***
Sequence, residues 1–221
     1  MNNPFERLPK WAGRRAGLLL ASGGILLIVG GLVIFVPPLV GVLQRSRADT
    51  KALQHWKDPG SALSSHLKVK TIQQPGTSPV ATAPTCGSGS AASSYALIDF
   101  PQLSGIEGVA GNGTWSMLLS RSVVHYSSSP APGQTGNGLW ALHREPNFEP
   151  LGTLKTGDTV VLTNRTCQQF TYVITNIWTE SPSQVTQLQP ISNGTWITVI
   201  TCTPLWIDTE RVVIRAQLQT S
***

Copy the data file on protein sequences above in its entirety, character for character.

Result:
Sequence, residues 1–221
     1  MNNPFERLPK WAGRRAGLLL ASGGILLIVG GLVIFVPPLV GVLQRSRADT
    51  KALQHWKDPG SALSSHLKVK TIQQPGTSPV ATAPTCGSGS AASSYALIDF
   101  PQLSGIEGVA GNGTWSMLLS RSVVHYSSSP APGQTGNGLW ALHREPNFEP
   151  LGTLKTGDTV VLTNRTCQQF TYVITNIWTE SPSQVTQLQP ISNGTWITVI
   201  TCTPLWIDTE RVVIRAQLQT S